It was a mark of the gravity of the crisis that India had to commit itself to the movement of gold for a temporary loan from international banks and the central banks of England and Japan.

The movement of gold from out of the shores of India to raise a temporary loan was a traumatic experience. When it became known that gold had been moved, in secrecy, critics started attacking the decision as national humiliation. So much so, the then government even promised to repatriate the gold as soon as the situation improved. The decision to move out gold was taken under compelling circumstances, principally the erosion in the reserves of India and the need for short-term help from abroad. When we approached the IMF for assistance, they made it clear that the release of standby credit would take some time. Immediate need for stopgap inflows dictated the use of gold reserves.

I recall that many efforts were made, but in vain, at that time to explore avenues other than resort to IMF. We even sent a high-level emissary (a deputy governor of the RBI) to Venezuela to see whether that oil-rich country could release a few billion dollars to India as a fellow non-aligned nation. This effort drew a blank. Many were the efforts by the well-meaning intermediaries, who brought in many offers of assistance, but mostly from not so reputable sources. All these efforts came to naught when they finally required a guarantee from a prime bank, which was impossible, given the crisis in India’s economy.

In one of his recent interviews, Singh explains that he opened up the window of portfolio flows because he did not want to go back to the IMF. This inbuilt resistance to Bretton Woods institutions is characteristic of the mindset of political and civil service bureaucracies of New Delhi. The resistance is understandable because accompanying aid from the IMF is a whole slew of conditionalities, which includes policy changes comprising fiscal adjustments, devaluation and liberalization. It is to the credit of Singh and Narasimha Rao that they realized that in the conditions in which India was placed in 1991, there was no option but to swallow the bitter medicine of reform. It is thanks to Singh that today the whole of India stands converted. Those who came to scoff at his reforms have remained to pray. The ruling coalition in power today has itself been a strong advocate of the reform process, albeit with minor changes of emphasis. Not only that, even states like West Bengal, under communist leadership, have welcomed the opening up of India to foreign direct investments, as part of the reforms.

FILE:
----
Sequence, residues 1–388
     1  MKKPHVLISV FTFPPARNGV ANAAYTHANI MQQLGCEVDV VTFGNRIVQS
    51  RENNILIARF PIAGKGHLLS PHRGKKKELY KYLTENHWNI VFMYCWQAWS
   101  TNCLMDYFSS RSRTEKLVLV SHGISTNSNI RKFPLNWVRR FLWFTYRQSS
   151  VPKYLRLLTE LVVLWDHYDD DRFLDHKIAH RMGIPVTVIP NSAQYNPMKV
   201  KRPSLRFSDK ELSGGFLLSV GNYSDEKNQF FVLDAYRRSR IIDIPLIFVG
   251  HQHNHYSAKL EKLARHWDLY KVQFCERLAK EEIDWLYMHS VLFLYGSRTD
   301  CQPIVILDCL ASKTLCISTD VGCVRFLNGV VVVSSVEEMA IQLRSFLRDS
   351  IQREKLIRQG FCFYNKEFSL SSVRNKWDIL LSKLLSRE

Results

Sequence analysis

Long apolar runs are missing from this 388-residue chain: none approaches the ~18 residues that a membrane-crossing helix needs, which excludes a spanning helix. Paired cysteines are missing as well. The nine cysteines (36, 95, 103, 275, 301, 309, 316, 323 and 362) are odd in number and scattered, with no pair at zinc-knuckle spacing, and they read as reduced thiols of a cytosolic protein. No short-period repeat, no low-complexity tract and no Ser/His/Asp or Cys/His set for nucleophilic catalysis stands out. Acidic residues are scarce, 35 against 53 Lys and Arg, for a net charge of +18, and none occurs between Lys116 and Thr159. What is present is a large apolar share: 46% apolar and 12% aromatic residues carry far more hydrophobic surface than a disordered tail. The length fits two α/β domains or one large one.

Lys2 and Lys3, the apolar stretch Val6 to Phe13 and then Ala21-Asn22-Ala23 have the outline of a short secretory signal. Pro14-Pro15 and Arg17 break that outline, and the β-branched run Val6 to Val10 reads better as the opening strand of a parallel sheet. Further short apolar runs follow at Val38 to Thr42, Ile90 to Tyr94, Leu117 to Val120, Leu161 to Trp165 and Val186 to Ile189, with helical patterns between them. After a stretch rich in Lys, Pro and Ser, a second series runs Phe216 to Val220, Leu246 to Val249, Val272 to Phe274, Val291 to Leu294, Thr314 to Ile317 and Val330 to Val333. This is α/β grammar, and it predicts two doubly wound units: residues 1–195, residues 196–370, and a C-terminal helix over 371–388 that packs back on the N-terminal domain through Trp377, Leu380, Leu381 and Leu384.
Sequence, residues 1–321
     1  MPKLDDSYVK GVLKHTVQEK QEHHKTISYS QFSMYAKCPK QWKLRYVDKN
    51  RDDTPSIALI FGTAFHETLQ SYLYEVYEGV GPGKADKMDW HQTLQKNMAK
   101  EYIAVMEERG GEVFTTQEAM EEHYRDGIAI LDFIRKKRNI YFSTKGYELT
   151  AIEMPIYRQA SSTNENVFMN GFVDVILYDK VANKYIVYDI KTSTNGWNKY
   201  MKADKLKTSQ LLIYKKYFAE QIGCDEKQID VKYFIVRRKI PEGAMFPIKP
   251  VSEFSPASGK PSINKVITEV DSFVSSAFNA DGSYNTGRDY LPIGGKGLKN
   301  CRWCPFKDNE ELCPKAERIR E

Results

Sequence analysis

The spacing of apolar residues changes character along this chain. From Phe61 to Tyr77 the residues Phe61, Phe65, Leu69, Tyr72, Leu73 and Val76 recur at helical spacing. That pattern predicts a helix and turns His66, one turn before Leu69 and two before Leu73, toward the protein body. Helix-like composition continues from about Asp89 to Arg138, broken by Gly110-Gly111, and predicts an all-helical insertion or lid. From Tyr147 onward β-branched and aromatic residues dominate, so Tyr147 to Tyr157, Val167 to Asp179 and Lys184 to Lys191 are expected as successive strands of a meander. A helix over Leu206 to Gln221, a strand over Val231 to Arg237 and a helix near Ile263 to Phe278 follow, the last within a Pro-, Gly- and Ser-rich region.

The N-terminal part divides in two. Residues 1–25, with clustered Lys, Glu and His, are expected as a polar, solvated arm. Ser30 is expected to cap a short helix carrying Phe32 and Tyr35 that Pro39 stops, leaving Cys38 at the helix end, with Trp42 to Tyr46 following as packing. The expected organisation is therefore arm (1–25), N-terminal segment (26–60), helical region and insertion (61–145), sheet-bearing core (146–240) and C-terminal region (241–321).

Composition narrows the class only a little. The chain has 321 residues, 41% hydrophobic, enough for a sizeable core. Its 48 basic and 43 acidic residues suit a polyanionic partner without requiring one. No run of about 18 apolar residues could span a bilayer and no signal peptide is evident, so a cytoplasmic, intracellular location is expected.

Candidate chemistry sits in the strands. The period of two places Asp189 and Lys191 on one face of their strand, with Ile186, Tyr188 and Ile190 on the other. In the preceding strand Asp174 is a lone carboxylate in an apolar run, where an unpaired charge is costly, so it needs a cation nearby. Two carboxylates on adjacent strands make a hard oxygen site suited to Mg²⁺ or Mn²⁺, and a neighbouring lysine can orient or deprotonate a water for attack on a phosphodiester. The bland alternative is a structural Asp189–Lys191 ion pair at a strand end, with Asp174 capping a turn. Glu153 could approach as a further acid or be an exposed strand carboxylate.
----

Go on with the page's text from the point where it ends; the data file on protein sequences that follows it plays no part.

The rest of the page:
The path of the reforms has not been smooth. One of the major problems has been the difficulty of reducing fiscal deficit. This problem has haunted all finance ministers of the post-reform India — from Manmohan Singh through P. Chidambaram to Yashwant Sinha. Yashwant Sinha has taken up the challenge in right earnest by introducing the Fiscal Responsibility and Management Act. Fiscal improvement cannot come about merely as a result of the passage of a bill in Parliament. Competitive populism can defeat all measures of fiscal stabilization. What we need is a massive task of consensus-building not only amongst the members of the ruling coalition but also the opposition, particularly in the states.